Wednesday, October 12, 2005

Blogs, Religion and Bumper Stickers

Some blogs can be disheartening at times.

Rednaked Woman recently came out of the closet and admitted something she doesn't normally "mention in polite conversations". She admitted that she is a Christian.

Why the hesitancy? She says "See I avoid saying it cause I don’t want to be associated with those people. For years I told every one I was an atheist just so I wouldn’t be thought of as one of them, those nosey judgmental bible thumping freaks."

Whoa! Hold on. Don't assume you know where I'm going. Stay with me.

Another young lady has a blog entitled "I Have 2 Belly-Buttons -- Just one of the miracles of being BORN-AGAIN".

In a recent post she takes Christians to task. As I read her post I must admit that she has some valid points. My interpretation of her post is that she sees Christians (or is that christians) as frozen, static, deaf, mindless and uncaring. Sadly, many people agree with her.

But, let's not limit this to Christians. From my experience many religious people are open to the same challenges.

I've seen a bumper sticker that reads "I'm doing my part to piss-off the religious right". I applaud this person's honesty and boldness but it's not a constructive statement. The statement is divisive and destructive.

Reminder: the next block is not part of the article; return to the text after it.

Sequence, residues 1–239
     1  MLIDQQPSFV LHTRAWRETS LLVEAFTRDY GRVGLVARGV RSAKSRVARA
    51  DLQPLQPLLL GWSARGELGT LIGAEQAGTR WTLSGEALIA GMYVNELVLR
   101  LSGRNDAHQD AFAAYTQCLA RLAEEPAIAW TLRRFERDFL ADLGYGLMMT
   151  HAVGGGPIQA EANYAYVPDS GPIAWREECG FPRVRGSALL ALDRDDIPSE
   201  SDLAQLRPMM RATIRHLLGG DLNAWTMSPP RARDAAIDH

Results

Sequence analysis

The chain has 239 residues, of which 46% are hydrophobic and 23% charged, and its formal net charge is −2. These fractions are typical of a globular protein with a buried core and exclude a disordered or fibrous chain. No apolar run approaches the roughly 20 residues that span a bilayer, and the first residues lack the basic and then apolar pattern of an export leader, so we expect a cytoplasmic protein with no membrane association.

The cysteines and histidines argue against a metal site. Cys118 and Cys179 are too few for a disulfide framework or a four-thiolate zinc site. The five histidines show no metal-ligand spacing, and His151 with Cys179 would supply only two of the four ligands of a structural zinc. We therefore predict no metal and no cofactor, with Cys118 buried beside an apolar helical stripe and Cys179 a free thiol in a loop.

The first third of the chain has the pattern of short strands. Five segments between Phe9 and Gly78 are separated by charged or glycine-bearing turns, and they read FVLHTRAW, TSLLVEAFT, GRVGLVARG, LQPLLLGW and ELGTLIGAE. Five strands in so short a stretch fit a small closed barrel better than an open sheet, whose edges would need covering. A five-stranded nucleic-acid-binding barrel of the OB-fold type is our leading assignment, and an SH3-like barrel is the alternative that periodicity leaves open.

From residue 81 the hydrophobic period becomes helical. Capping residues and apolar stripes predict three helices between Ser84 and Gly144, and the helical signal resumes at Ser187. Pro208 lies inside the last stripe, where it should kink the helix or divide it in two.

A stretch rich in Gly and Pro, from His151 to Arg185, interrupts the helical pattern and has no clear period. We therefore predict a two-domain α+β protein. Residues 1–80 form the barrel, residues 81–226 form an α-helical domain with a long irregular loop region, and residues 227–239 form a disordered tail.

I believe we all have a responsibility regardless of our religious persuasion -- Christian, Muslim, Jewish, Athiest, etc -- to find ways to adhere to our beliefs and values without causing a religious war which is a very real possibility. If you doubt this I would encourage you to read history.

I think the solution to this is love. No, not Hollywood's mushy, gooey, imitation. Love is not an emotion. Love is a value statement. Love is a verb. It's something we do regardless of how we feel.

Do you doubt this? While growing up my children did some things that made me angry. In the moment I didn't feel very loving but I did what needed to be done. I valued them. They were important to me. I loved them. So, I controlled my emotions and did what was best for them.

Bill Moyers speaks of the possibility of a religious war and the need for active love in a recent address. I enourage you to read it. He ends with these words. "But just as the Irishman who came upon a brawl in the street and asked, "Is this a private fight or can anyone get in it?" we have to take that love where the action is. Or the world will remain a theatre of war between fundamentalists."

Where do I stand? All people are my children. I have Christian children and Muslim children and children who are Athiest. I'm angry with many of them now because they are fighting and destroying hope. But, I'll control my anger. That's what love demands. Rather than giving in to my anger I'll control it and look and work for solutions. I have no other options.


Blogger George Breed said...

Excellent Post! Thank You!

10/13/2005 02:38:00 AM  
Blogger Bob said...